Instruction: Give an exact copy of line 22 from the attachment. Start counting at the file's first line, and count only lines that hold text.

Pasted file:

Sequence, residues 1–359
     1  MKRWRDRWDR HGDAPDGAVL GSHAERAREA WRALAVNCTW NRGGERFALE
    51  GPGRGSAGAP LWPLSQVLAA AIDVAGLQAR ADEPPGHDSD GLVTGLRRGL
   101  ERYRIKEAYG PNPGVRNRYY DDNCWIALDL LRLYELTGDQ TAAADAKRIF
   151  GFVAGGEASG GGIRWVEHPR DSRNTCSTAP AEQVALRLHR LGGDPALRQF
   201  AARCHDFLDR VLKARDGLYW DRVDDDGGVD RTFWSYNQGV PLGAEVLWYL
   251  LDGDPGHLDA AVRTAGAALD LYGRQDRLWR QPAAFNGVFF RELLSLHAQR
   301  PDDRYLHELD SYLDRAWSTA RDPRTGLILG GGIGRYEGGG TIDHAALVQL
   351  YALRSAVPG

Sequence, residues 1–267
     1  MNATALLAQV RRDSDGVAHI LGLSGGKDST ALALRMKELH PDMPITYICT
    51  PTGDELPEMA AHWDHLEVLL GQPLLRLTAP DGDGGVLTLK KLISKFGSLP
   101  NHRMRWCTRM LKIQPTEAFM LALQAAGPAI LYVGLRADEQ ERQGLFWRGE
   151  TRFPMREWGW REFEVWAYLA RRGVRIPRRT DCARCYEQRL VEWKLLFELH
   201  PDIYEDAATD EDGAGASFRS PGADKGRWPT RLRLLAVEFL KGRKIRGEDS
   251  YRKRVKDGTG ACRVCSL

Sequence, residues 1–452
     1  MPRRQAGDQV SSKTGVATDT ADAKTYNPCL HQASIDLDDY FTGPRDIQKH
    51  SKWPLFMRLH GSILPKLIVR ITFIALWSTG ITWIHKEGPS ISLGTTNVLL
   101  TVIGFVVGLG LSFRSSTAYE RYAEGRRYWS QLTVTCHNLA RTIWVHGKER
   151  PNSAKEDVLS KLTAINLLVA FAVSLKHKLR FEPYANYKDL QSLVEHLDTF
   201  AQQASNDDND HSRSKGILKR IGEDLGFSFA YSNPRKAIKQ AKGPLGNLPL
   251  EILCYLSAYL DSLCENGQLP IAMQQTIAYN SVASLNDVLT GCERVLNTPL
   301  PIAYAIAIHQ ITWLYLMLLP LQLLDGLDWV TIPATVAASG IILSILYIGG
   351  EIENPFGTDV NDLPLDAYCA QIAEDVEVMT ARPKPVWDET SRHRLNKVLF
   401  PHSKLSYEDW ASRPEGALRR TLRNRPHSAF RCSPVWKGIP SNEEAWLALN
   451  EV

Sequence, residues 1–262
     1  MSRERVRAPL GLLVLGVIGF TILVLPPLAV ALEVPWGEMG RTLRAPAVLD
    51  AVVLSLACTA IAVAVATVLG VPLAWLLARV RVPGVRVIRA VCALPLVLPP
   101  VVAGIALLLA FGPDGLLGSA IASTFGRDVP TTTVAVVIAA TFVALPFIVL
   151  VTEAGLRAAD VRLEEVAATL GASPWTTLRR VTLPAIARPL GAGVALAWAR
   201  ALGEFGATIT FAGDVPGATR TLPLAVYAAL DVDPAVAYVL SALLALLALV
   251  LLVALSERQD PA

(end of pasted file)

   201  AQQASNDDND HSRSKGILKR IGEDLGFSFA YSNPRKAIKQ AKGPLGNLPL